Snowflake Bentley by Jacqueline Briggs Martin is a Caldecott winner from 1999.  The beautiful woodcut illustrations help to tell the story of the first scientist who captured pictures of snowflakes which led to the discovery that no two snowflakes are alike.

To keep your place in all of your new snow books, you will need a snowman bookmark.    I love this activity because the bookmark is made with recycled materials.  Here are the materials you need for one snowman bookmark: one white paint strip sample, an old magazine, pair of scissors and a glue stick.  Simply cut a hat, eyes, nose, mouth, scarf and buttons from a magazine.  Glue the pieces onto the paint strip sample.  My picture doesn’t show the bookmark laminated, but I highly suggest doing so for durability purposes.  There are so many literacy things that you could do with your snowman if you decided not to use it for a bookmark.  One idea (pictured below) would be to use it for a labeling activity.  You could also give your snowman a name and create a character description of him followed up by an oral or written story about him.

Interested in some other snow literacy ideas?  Head to my snow Pinterest page.  Can you think of other literacy ideas to do with your snowman creations?  Please share! Let it snow!   Let it snow!  Let is snow!

Linking to:  No Time For Flashcards, I Can Teach My Child, JDaniel4’s Mom, ABC and 123, Playing With Words 365 and Sun Scholars

Celebrate New York

One of the most bustling cities in the United States is New York.  This city has a bit a magic like no other.  I visited for two special events in my life.  The first was a weekend trip with my dad for my high school graduation.  We enjoyed a lunch at La Tavern on the Green in Central Park, walked across the piano on the floor at FAO Schwartz and attended my first Broadway show.  Skip ahead about 16 years and I return for a festive Thanksgiving weekend with my aunt.  The highlights of this trip were the Macy’s Day Parade and standing in the outside audience of the Today Show.

Take one great city and add children singing (one of my favorite sounds!) and you have a wonderful tribute to New York in this recent State Farm commercial commemorating 9/11.  Get ready…

There are several books that highlight this great city.  Here are two of my top picks.

The Inside-Outside Book of New York City by Roxie Munro is a beautifully illustrated book of landmarks in the city.  On one page you’ll see an image of the Statue of Liberty as if you were standing in front of it.  On the next page, you are looking out at the city from the crown.  It’s an interesting book on perspective.  Other landmarks include the New York Subway, Madison Square Garden and The Flatiron Building.  Murno also has a book that showcases New York during the holiday season.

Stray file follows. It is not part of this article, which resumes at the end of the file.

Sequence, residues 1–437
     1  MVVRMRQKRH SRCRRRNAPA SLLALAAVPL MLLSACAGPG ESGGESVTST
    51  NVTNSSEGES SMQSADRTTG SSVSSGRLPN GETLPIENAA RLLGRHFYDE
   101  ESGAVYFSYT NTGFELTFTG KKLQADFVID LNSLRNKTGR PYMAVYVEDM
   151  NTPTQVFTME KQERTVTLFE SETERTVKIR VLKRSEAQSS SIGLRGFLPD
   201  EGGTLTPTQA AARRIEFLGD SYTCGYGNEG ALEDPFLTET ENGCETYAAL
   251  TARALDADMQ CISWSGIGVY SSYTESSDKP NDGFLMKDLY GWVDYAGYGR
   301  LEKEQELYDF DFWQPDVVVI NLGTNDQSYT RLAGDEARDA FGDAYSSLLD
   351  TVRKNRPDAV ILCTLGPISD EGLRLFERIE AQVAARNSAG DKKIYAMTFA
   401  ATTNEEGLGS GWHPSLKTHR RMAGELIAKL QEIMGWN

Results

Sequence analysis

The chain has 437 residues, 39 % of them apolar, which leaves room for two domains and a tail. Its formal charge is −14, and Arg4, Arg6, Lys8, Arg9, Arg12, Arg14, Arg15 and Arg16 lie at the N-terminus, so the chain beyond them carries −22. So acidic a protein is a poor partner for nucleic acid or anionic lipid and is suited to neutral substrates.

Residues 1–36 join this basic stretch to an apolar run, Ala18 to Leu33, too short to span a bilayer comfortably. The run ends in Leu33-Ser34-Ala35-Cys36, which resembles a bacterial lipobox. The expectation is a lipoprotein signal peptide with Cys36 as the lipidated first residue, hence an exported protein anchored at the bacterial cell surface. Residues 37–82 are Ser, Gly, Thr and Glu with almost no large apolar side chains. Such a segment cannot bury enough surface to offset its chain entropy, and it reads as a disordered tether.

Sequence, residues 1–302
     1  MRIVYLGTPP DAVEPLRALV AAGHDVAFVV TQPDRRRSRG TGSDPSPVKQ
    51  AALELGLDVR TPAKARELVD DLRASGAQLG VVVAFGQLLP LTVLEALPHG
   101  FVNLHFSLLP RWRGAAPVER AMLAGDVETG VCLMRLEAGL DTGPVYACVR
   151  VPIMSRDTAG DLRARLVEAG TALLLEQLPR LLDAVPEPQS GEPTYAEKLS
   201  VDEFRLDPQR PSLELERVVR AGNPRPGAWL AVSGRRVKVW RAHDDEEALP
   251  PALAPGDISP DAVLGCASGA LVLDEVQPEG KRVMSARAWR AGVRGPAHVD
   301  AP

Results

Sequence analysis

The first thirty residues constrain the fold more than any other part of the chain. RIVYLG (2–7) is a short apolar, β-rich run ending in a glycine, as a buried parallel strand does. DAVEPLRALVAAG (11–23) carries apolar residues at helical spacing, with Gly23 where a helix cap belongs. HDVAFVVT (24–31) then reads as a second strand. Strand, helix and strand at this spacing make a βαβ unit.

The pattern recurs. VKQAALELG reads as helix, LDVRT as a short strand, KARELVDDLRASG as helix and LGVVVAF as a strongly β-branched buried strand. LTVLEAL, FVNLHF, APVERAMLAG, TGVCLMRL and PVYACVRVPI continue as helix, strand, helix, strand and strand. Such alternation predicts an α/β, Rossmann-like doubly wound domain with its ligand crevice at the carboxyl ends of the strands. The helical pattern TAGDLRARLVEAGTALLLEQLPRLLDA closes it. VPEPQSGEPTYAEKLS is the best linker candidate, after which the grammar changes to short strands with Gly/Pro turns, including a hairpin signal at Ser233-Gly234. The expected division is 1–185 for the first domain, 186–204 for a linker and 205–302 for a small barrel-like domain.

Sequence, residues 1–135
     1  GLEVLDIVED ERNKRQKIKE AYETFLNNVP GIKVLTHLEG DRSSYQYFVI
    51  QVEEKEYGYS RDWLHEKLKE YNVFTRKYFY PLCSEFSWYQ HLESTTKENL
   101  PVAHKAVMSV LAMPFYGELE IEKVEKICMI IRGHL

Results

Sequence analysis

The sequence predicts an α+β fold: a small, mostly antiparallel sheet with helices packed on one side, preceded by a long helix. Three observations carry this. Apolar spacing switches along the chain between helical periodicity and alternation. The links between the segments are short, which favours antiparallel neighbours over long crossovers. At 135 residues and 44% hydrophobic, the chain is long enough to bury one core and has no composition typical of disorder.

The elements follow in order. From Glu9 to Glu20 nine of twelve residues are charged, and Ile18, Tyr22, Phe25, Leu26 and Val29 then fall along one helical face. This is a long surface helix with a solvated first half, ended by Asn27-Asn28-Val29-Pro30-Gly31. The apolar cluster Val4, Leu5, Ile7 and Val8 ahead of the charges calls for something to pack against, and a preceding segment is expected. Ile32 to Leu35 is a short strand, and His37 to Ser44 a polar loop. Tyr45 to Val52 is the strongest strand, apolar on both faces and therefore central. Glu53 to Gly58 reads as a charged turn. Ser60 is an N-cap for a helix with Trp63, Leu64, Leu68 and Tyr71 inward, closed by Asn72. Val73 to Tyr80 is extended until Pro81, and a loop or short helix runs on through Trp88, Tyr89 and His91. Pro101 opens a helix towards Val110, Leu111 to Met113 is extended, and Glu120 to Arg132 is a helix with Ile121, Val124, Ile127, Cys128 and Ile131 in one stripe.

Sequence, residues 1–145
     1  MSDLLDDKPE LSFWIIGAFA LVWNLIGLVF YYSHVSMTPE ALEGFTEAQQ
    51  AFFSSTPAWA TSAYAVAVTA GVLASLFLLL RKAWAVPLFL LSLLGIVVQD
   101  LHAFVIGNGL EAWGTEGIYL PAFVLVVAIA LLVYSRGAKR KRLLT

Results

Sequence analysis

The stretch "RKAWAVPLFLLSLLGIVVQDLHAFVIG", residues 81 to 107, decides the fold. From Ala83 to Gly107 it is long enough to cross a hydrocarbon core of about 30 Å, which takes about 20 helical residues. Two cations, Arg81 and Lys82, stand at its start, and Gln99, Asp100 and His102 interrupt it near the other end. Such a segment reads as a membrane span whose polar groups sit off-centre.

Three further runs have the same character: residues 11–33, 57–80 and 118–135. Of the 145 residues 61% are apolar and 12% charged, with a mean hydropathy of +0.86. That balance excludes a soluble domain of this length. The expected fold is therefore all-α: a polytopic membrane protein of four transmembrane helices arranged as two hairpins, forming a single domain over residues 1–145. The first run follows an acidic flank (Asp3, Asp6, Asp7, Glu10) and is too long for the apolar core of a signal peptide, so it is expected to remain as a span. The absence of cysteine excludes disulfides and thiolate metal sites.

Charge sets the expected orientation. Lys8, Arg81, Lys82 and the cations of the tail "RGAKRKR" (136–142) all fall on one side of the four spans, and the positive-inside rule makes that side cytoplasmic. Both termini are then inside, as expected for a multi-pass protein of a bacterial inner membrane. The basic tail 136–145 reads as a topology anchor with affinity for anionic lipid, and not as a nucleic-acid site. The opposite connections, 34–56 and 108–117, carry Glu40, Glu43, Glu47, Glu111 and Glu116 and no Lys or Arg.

Check out this book trailer for New York, New York!: The Big Apple From A to Z by Laura Krauss Melmed.

Whether you live in New York, Chicago, Louisville, San Francisco or somewhere in between, why not make your own inside-outside or alphabet book about the city or town where you live?  Here are some ideas to get you started.

Inside-Outside Book:  brainstorm some landmarks in your town or city.  Arm yourself with a camera and travel around taking a picture from the outside of the landmark and then one from within the location.  Choose about six different locations to make a good size book.  Arrange your pictures on pages to form your book.  Label each location.  Design a cover and don’t forget  about the author page.  Viola, you have your own book.

ABC Book:  Create a list from A to Z.  Brainstorm places in your town or city that begin with each letter.  You may have to be creative with letters such as Q or X.  Maybe quiet library, x-tra big statue, etc.  Next, either draw or take pictures of each landmark.  Each page represents one letter.  Arrange your pages in ABC order and then you’ll have your own alphabet book.

Interested in book binding ideas.  Stay tuned next week when I’ll show you some creative ways to make books.

Book Trailers

We are all familiar with movie trailers.  They precede the feature film and entice us with clips to excite us into spending more money to see those movies too.  I just recently discovered that publishers and authors are now creating book trailers very similar to those movie trailers with which we are all familiar.  Librarians around the country now utilize book trailers to hook readers into a good book.

I have mixed feelings about book trailers.  Part of me likes the idea that they can get kids excited about books and reading.  Another part of me believes that we should use our imagination to bring a book to life and not rely on a “movie” to do it for us. However when I watched the book trailer for Blackout by John Rocco, I was hooked.  I couldn’t wait to get my hands on the book.  I felt that the trailer enhanced my reading experience and didn’t derail my imagination.   Check out the book trailer and see what you think.

Here is another book trailer for Panda Kindergarten by Joanne Ryder.  In this clip the author and illustrator both speak about making the book.  I think it is fantastic that kids get to see that authors and illustrators are real people.  Clips of this type would be very powerful to use when talking with kids about where authors and illustrators get ideas and how they develop those creative nuggets.  Take a look.

Would you like to access more book trailers?  Just visit You Tube and search children’s book trailers.  You can also search on most publisher’s sites such as Scholastic and Harper Collins.   But, best of all, you can keep following this blog where I will showcase some of the best book trailers.  So, what do you think about book trailers?  Do they have a place in helping to cultivate readers?